There really isn't. Not that I have extensive world-traveling knowledge. (Well okay, I guess I have been to five different countries, but England, France and Israel are hardly an equal comparison to Uganda.) I'm not the only one who thinks this either. My feelings that Uganda is a place with a unique way of getting into your heart and soul is a sentiment shared by a number of world-travelers I know. The people of Uganda have so little and yet are incredibly openhearted, especially for a country that has been through so much war and devastation. It is hard to put into words, but once you've been there, you understand.
I watched the video from my last trip in 2006 and was filled to the brim (meaning I cried a little) with joyful anticipation at returning. (You can watch the documentary I made about the trip here. I would recommend letting the video load completely before playing.)
Oh, in case you missed the announcement - Devin and I are traveling to Uganda in March to serve with some pretty incredible people. One of which is Katie Davis, who not only started Amazima Ministries, but also has fourteen adopted kids. Yes. Fourteen. Oh and by the way, Katie is in her mid-twenties and a single mama. I'll say it once more - fourteen adopted children. Needless to say, Devin and I are honored to have the privilege of working along side someone who exhibits the sacrificial love of Christ so fully. (read Katie's blog here)
Amazima (which means "truth" in the native language of Luganda) runs a number of programs including a feeding program that provides meals for some of the poorest families in Uganda (it only takes $0.15 to provides one meal). They also offer sponsorships for over 400 orphans and provide them with education, clothing, food, medical care and Biblical discipleship (sponsorships are only $300 for a whole year click here to learn more). A number of other projects are also run by Amazima but the one thing the all have in common is that they care for the needs of the "least of these" and spread some serious doses of Jesus-love while doing it. I am giddy with the thought of working in some of these programs.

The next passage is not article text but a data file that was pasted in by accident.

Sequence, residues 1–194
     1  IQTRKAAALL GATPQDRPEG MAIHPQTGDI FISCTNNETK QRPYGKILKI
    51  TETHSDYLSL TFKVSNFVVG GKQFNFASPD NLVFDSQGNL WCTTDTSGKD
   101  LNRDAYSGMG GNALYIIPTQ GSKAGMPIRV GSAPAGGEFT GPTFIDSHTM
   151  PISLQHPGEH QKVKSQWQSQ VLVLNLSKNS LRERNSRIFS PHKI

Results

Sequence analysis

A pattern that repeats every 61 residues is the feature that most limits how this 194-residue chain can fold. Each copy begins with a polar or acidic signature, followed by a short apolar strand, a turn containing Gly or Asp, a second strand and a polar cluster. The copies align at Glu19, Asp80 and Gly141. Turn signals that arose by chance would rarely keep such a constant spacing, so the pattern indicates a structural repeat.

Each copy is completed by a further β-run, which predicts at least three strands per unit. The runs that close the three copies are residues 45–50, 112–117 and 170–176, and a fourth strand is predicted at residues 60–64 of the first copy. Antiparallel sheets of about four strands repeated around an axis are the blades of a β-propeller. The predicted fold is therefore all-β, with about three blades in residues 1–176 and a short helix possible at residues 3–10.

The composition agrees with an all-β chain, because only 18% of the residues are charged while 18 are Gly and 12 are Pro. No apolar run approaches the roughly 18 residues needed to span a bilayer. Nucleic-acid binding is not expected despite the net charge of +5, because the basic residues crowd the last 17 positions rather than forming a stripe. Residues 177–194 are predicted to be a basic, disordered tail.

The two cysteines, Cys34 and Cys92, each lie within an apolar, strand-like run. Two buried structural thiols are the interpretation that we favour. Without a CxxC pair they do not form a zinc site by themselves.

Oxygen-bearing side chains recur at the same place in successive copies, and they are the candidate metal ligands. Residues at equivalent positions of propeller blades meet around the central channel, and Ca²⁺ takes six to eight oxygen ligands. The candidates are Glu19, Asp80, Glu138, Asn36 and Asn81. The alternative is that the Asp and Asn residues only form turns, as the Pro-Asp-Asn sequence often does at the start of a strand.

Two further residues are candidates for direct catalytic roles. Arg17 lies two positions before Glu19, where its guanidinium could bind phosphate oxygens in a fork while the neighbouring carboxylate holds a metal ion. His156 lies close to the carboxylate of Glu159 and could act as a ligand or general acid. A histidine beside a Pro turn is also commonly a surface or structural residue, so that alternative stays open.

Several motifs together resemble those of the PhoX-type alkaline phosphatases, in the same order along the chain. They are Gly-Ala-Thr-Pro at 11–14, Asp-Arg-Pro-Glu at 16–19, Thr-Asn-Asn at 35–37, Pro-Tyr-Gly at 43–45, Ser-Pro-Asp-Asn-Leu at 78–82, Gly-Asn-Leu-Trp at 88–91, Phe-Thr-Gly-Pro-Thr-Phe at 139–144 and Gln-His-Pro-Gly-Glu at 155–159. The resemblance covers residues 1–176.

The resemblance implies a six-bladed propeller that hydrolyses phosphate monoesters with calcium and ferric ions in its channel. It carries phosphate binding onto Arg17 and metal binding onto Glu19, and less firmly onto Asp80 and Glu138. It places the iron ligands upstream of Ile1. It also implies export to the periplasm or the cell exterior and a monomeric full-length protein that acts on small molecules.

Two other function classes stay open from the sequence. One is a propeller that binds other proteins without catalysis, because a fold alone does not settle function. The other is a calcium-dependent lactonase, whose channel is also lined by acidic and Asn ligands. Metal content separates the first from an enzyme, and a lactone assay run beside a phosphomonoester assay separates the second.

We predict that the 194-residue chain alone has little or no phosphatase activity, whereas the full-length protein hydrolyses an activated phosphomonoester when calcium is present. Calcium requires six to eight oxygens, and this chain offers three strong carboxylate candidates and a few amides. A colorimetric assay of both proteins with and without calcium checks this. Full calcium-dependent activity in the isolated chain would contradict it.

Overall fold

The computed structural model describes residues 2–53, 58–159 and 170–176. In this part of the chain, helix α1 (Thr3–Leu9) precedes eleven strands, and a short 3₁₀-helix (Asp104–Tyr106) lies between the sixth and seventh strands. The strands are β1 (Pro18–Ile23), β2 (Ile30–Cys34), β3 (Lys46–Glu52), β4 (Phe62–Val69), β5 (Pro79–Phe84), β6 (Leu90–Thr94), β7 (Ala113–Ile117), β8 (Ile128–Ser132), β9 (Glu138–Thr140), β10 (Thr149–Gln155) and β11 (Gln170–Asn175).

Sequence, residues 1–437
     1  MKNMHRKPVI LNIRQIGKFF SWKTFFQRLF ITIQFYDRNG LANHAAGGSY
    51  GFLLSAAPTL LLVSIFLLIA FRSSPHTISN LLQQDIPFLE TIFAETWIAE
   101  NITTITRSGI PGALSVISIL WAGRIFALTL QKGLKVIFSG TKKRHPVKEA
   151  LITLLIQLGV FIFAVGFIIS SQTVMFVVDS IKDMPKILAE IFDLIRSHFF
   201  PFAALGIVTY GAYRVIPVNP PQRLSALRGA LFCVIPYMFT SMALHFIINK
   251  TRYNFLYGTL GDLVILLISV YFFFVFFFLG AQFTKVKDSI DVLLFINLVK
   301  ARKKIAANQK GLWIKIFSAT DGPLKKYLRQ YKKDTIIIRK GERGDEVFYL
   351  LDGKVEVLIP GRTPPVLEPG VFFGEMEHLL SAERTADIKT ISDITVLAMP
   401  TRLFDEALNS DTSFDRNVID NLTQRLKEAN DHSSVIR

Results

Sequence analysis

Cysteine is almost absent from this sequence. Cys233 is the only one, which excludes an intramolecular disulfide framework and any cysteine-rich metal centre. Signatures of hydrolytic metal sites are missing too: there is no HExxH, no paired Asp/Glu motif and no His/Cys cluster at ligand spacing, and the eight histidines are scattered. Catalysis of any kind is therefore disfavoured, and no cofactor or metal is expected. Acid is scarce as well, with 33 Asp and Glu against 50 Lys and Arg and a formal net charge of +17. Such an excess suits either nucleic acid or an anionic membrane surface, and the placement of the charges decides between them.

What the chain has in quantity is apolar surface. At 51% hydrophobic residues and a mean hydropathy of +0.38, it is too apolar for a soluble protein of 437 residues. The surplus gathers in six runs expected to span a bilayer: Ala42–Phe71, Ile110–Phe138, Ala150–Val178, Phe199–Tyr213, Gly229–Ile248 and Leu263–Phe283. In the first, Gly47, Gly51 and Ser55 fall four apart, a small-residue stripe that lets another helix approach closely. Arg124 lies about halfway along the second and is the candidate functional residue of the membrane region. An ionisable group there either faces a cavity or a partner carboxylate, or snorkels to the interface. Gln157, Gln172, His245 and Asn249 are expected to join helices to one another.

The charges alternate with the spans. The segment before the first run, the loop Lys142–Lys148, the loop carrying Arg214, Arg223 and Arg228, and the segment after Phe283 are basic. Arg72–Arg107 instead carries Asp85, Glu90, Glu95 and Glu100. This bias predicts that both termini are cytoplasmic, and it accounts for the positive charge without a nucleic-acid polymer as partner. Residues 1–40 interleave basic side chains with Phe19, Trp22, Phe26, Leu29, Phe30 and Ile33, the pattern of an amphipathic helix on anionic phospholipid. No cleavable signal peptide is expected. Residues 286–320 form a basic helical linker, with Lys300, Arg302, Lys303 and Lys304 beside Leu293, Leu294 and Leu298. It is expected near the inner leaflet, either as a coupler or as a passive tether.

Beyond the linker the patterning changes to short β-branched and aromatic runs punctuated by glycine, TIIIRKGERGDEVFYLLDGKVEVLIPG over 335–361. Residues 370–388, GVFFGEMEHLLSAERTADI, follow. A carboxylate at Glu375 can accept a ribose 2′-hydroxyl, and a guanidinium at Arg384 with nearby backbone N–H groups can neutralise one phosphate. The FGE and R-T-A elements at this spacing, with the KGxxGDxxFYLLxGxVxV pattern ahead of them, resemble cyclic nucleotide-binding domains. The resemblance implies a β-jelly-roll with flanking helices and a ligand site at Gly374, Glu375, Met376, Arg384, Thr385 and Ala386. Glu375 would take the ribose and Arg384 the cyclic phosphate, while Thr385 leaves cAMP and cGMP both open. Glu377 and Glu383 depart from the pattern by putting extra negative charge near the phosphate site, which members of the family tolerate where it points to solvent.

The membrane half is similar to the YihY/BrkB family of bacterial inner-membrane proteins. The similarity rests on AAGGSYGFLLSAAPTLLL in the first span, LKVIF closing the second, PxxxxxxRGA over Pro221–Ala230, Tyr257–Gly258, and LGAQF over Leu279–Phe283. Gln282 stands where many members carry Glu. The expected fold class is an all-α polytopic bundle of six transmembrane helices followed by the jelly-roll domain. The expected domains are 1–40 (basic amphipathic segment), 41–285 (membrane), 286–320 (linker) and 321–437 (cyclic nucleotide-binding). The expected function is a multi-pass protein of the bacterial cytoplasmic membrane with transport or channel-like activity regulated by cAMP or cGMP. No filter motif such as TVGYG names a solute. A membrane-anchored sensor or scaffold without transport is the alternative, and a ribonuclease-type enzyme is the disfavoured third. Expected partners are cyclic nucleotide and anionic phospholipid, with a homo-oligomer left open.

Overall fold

While in Uganda, we will also be running a VBS-type program for some of the orphan homes in the area, including Canaan Children's Home which is led by Pastor Isaac Wagaba. Pastor Isaac has an incredible story of survival during the terrorist reign of Idi Amin (a.k.a. the "Butcher of Uganda"). As an outspoken Christian, Pastor Isaac was on Amin's "death list". After being shot and left for dead in a mass grave, Pastor Isaac heard a voice saying, "Isaac, I have saved your life so that you may save the lives of my fatherless children...Isaac, I will be the father of those children through you." This was the beginning of the vision for Canaan Children's Home.
I mean, wow. I can hardly believe that these are the kinds of people we get to serve with. Incredible.
More news to come in future posts!